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Resumes continue to add value in the college admissions process

High school students who invest time creating résumés may be handsomely rewarded in the college admission process. Of the Common Application member colleges and universities that are “live” as of this writing, at least 272 — or about one-third — have made specific provisions for submitting this handy document.
 
Résumés haven’t always been so popular. In fact, there remains a lingering controversy over the appropriateness of asking students to develop and maintain résumés throughout high school. And many colleges are quite deliberate about not including them as part of their applications.
 
In her blog on college admissions at the University of Virginia, Associate Dean of Admission Jeannine Lalonde makes a point of repeating, “The Common App has a résumé upload function and lets each school decide whether they want to use it. We are one of the schools that turned that function off. We prefer the Common App activity section to the various ways people choose to present their activities on résumés.”
 
On its website, Duke University clearly states, “Please note that Duke will not accept resumes for the 2019-2020 application process.” And Tufts agrees, “Keep in mind that the Common Application is your one chance to show your extracurricular engagements: we are not able to accept a supplemental resume of activities.”
 
But they are in the minority, and many college advisers and lots of colleges very much disagree.
 
“Almost as soon as I start guiding a student through college planning, I learn about the student’s interests and hobbies and discuss the importance of extracurricular commitment in and out of school – both for college admission and life enrichment. That naturally leads to an analysis of student engagement and the creation and continual updating of a résumé,” said Judi Robinovitz, a Certified Educational Planner in Palm Beach and Broward counties, Florida. “The résumé becomes far more than a list of activities. Rather, it highlights a student’s special accomplishments, focusing on major themes in her life that set her apart from her peers —what she has done, why, how, and, most especially, leadership, initiative, creativity, and how these actions have impacted lives (hers and others’).”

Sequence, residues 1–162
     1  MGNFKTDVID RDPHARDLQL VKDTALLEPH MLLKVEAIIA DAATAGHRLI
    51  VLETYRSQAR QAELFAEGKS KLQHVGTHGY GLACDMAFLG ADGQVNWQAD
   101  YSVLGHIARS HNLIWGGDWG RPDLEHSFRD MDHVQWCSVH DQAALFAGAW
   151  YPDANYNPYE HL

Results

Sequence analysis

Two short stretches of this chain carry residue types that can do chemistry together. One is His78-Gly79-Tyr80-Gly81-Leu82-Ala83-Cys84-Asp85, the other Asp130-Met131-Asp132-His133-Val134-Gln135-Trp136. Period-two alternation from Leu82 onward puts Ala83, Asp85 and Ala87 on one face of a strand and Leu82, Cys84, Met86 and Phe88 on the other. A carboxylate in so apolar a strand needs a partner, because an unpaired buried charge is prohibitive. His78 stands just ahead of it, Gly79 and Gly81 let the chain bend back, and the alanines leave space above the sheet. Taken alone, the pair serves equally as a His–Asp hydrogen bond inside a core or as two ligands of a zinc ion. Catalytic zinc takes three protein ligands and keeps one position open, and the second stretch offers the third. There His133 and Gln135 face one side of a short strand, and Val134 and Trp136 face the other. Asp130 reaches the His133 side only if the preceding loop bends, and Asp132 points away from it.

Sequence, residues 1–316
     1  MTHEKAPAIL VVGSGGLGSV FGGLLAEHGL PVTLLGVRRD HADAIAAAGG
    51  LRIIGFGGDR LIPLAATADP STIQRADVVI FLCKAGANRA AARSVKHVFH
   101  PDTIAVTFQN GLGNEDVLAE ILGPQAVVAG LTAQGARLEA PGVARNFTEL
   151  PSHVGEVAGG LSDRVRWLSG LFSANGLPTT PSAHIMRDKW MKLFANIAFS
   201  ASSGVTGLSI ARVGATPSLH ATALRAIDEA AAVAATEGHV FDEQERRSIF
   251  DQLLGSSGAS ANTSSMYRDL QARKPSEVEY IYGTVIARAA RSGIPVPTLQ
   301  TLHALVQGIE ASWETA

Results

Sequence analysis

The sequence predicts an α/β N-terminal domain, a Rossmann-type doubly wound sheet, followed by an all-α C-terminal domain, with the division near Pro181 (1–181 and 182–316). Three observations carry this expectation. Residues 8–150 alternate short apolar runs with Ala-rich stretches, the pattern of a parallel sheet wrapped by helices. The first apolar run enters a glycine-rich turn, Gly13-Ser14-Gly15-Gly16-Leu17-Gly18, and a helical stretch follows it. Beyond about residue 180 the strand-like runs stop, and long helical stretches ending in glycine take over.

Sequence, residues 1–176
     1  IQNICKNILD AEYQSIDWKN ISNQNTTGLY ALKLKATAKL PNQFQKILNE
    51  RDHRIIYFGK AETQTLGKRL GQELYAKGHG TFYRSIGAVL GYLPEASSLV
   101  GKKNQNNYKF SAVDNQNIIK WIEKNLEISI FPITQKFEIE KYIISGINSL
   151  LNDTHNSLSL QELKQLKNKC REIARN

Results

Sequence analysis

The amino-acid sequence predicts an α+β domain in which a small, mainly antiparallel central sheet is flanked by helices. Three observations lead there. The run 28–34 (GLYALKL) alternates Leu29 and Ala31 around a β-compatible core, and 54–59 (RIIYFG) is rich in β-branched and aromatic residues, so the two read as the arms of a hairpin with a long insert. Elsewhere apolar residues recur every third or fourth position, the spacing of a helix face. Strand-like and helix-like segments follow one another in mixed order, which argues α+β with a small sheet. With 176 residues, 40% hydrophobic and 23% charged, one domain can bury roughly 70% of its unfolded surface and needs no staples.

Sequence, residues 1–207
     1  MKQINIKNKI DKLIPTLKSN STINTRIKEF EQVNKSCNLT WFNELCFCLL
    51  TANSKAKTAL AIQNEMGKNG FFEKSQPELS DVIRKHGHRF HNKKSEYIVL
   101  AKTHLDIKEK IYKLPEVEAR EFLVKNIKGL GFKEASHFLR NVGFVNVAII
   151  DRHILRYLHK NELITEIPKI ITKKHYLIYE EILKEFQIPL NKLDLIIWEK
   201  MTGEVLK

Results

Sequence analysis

Robinovitz adds, “Here’s an important secret: when you share a thoughtfully prepared and detailed résumé with anyone who will write a recommendation, you’re likely to get a stronger and more anecdotal piece of writing that supports your application. Plus, through résumé creation now, we lay critical groundwork for undergraduate summer job and internship applications – and ultimately, for graduate school and vocational opportunities. And the résumé certainly facilitates a more impactful presentation on the activities page of both the Common and Coalition Applications.”
 
In other words, a résumé represents an opportunity to collect, keep track of and reflect on accomplishments. And it’s likely to be a document the student will maintain, using different formats and styles, through college and beyond.
 
But there’s no reason to include a résumé with a college application if it totally duplicates information contained in other parts of the application, unless of course, the school specifically asks for one. And plenty of colleges outside of the Common App system do, such as Georgetown University and MIT.
 
For students using the Common Application, basic extracurricular-related information may be presented in the Activities section, which provides space to describe involvement in ten activities. Within each activity, the Position/Leadership blank allows 50 characters to give a solid indication of your position and the name of the organization in which you participate. A second box allows 150 characters to provide insight into what you’ve done and any distinctions you earned.